What if getting help is also risky? A person admitting to a mental difficulty could be barred from employment and find themselves rejected socially.

How much risk is the individual's responsibility to take on? Doesn't society have some responsibility for creating an environment where admitting to and receiving treatment is so risky?

Suppose a person is aware of his condition and takes what he thinks are reasonable measures which turn out to be insufficient. For example, he only has noticeable altered state type symptoms when he eats a particular food. He doesn't take medication but is careful to read labels and ask about ingredients in dishes in order to avoid the food. Despite his care, he unknowingly ingests some one day and as a result is in a bad mental state and harms someone. What then? Is the person "culpable" or "responsible"? Should people err on the side of taking whatever drugs or therapies offered to avoid harm even if the treatments are risky? (some anti-depressants have been linked with higher rates of suicide and aggressiveness, from what I understand) Would such a person then be responsible for being even more selective about his food choices (say only eating specific things that he's tested on himself with someone to supervise him) or would it be sufficient to tell everyone he knows about this risk and help him keep a look out for symptoms? Is he cupluble for mistakes in treating his condition? Are treatment decisions something that should be assigned to another party?

What if part of a person's condition prevents him from being able to accurately assess the need for treatment? A person who is "manic" might feel "great" and not see any need to be treated and yet the person's behavior could become very harmful to himself and others. The same person might, in a different state, might be quite calm and non-violent and shocked by his own behavior in the past and not be able to understand how he could have done such things. How would one tell the difference between a "manic" person and a normal person who is simply making some bad choices because .. well why?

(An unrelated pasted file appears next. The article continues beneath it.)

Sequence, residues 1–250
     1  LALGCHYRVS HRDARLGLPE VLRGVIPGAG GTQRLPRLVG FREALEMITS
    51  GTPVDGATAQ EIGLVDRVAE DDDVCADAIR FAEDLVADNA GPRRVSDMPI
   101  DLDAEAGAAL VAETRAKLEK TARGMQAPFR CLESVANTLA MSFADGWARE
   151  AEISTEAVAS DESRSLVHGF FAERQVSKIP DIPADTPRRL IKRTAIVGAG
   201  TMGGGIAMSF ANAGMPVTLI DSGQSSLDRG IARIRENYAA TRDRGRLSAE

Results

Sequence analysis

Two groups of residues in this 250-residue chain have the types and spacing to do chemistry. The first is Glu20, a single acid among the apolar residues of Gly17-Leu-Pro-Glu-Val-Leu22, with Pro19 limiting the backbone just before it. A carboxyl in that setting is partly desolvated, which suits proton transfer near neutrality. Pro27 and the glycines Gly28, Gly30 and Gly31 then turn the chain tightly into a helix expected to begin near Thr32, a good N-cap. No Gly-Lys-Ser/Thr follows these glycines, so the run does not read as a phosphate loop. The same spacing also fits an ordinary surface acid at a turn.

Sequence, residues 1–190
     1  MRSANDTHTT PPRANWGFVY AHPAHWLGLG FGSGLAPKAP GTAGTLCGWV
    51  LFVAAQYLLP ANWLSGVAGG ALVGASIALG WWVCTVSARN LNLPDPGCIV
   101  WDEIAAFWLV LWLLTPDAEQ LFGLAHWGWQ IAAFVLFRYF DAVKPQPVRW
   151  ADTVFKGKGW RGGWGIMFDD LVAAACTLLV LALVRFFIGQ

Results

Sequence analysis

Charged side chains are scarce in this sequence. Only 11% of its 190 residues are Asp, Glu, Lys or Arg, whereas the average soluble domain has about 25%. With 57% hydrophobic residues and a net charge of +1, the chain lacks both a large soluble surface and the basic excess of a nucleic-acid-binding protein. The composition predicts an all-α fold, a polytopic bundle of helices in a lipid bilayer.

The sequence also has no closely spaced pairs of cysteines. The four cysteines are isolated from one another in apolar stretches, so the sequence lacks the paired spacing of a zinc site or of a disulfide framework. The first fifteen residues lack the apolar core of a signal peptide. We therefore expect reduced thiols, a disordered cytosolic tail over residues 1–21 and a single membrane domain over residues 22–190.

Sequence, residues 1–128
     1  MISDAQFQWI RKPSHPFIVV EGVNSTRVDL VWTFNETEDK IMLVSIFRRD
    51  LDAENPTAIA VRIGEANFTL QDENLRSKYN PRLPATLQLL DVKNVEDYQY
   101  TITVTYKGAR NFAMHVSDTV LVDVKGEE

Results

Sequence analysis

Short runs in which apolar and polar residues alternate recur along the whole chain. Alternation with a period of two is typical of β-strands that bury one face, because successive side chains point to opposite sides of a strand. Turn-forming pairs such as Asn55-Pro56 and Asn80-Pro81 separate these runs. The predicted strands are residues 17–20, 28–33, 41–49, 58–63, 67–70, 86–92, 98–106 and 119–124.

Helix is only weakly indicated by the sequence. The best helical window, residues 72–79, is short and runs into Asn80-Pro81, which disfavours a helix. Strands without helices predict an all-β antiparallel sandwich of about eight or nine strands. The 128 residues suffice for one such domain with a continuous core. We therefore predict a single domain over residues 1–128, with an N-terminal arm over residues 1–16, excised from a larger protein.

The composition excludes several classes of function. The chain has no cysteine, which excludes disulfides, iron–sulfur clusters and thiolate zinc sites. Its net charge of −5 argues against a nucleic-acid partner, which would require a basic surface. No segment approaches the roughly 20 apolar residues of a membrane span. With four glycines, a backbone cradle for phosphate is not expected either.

Becky Moon

2 comments:

Becky said...

(This comment has been copied over from the Haloscan system to the blogger system)
Debilitating behavioural syndromes such as schizophrenia, manic depression and eating disorders are real. But it's highly tendentious to call them illnesses, because the prevailing theories about their causes, their consequences and their remedies are all morally very controversial. By calling these syndromes "illnesses" we gloss over that controversy and hand over authority to adjudicate on these moral issues to a "priesthood" of psychiatrists who lack any special moral insights for dealing with them. While there exist some wise and humane psychiatrists and therapists, as an objective body of transmissible knowledge, psychiatry is, as Szasz rightly says, just like alchemy.